Tammy Blanchard as Lucy's sister, Jenny; Mike Doyle as Jenny's very straight, but awfully nice (cute as hell, too) husband-to-be; Daphne Rubin-Vega as Lucy's druggie pal, Sara; Michael Rispoli, whose identity I cannot give away because it's a spoiler that doesn't really make much sense, given all that's gone before -- yet Rispoli (Two Family House, see this if you haven't already) is wonderful, as usual; and -- yes! -- Patti Lupone, making a last-minute visit via video, and she's as fine and fiery as ever.
Mary Tobler) and director Nancy Savoca, shown at left, when she thought up and then filmed this very strange movie that begins with Ms Sorvino's character on her cell phone with someone named Jay, with whom she has clearly been "assignating" and whom she wants to see, now, this minute, do you hear me?! Jay is having none (or very little) of this and keeps putting her off, and by the time this very long, extended scene, which includes some shopping, has finished, Sorvino's Lucy has become so obnoxious that you are ready to toss her down the nearest escalator.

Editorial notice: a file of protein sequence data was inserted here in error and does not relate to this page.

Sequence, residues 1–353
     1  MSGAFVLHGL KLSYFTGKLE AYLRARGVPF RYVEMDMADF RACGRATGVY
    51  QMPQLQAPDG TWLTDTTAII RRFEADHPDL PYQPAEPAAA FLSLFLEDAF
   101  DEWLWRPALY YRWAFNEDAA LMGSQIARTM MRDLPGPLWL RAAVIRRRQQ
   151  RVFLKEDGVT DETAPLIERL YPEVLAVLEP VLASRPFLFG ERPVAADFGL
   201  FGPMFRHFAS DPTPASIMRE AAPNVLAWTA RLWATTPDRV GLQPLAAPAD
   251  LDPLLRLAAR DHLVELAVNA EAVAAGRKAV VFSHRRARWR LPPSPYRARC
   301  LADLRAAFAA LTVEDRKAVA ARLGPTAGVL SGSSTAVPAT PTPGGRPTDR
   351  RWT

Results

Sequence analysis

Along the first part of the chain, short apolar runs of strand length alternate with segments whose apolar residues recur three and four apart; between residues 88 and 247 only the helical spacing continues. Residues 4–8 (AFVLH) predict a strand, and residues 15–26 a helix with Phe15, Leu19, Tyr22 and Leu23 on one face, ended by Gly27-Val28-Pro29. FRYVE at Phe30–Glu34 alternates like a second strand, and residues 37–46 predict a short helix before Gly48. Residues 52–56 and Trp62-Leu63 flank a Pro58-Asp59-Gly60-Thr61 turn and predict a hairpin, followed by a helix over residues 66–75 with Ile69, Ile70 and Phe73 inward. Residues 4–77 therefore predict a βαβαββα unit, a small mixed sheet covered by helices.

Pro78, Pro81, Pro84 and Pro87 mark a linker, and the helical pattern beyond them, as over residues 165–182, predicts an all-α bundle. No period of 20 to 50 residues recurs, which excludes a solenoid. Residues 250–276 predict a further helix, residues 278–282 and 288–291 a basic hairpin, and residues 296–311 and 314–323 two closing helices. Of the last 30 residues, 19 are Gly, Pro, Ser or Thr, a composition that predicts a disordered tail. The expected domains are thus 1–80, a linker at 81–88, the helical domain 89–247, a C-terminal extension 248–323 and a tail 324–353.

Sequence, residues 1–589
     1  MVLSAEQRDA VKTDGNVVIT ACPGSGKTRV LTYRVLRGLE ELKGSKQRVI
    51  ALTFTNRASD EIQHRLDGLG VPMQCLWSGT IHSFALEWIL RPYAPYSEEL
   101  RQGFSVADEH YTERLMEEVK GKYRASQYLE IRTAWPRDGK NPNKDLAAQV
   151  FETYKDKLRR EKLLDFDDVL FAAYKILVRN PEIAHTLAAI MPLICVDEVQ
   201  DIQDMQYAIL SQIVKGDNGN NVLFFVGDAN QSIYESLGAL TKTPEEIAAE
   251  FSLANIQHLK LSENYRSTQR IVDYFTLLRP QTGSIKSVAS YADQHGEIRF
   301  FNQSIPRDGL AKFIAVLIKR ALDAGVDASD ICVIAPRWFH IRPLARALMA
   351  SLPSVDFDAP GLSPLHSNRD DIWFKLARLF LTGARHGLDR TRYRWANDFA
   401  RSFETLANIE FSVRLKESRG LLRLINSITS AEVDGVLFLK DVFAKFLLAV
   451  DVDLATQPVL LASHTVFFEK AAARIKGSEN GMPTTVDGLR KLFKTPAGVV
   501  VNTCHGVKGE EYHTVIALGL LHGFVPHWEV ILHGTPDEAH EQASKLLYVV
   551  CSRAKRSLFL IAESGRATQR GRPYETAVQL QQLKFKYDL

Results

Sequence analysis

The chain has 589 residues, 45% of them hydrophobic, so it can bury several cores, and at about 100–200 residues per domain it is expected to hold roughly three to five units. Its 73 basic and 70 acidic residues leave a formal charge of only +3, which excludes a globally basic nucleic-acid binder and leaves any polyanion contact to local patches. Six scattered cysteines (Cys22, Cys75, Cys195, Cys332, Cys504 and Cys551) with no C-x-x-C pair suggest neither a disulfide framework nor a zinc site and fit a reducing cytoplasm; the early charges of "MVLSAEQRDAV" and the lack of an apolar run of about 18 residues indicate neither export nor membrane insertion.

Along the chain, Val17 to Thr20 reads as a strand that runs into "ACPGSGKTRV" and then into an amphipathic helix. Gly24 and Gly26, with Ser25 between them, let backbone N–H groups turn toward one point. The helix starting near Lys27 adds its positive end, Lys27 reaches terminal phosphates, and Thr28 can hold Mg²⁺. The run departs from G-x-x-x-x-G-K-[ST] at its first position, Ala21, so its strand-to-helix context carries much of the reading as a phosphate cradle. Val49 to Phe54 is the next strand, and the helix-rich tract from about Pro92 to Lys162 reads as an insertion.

Brian Crano (A Bag of Hammers) calls "movie logic." And a little of this goes a long way. To take but two instances of Union Square's "movie logic," Bill's response to the whole shebang, once he learns about it, is simply ridiculous. Did he listen to anything he was told? Does he have perhaps a doubt or two about this sudden stranger he plans on marrying? If so, you'd never know it. Worse, what will audience members think by the end of this film, when re-considering its very long and drawn-out beginning. Just who is this Jay character, and why is he even vaguely important to Lucy, considering all we now know and see? Unless, of course, everyone on view has just been released from (or has maybe broken out of) a mental institution.
True Love to Household Saints to The 24-Hour Woman. But this time, it seems like it's all bordering on nutty, with not nearly enough reality. And when it gets like that, the "brink" becomes just another tiresome step up or down.
Dada Films and running only 80 minutes, opens in New York City this Friday, July 13, exclusively at the Angelika Film Center, and in the Los Angeles area at Laemmle's Music Hall 3, Town Center 5 and Playhouse 7. In the weeks to come the film will play in selectee cities across the country. Click here to see all currently scheduled playdates.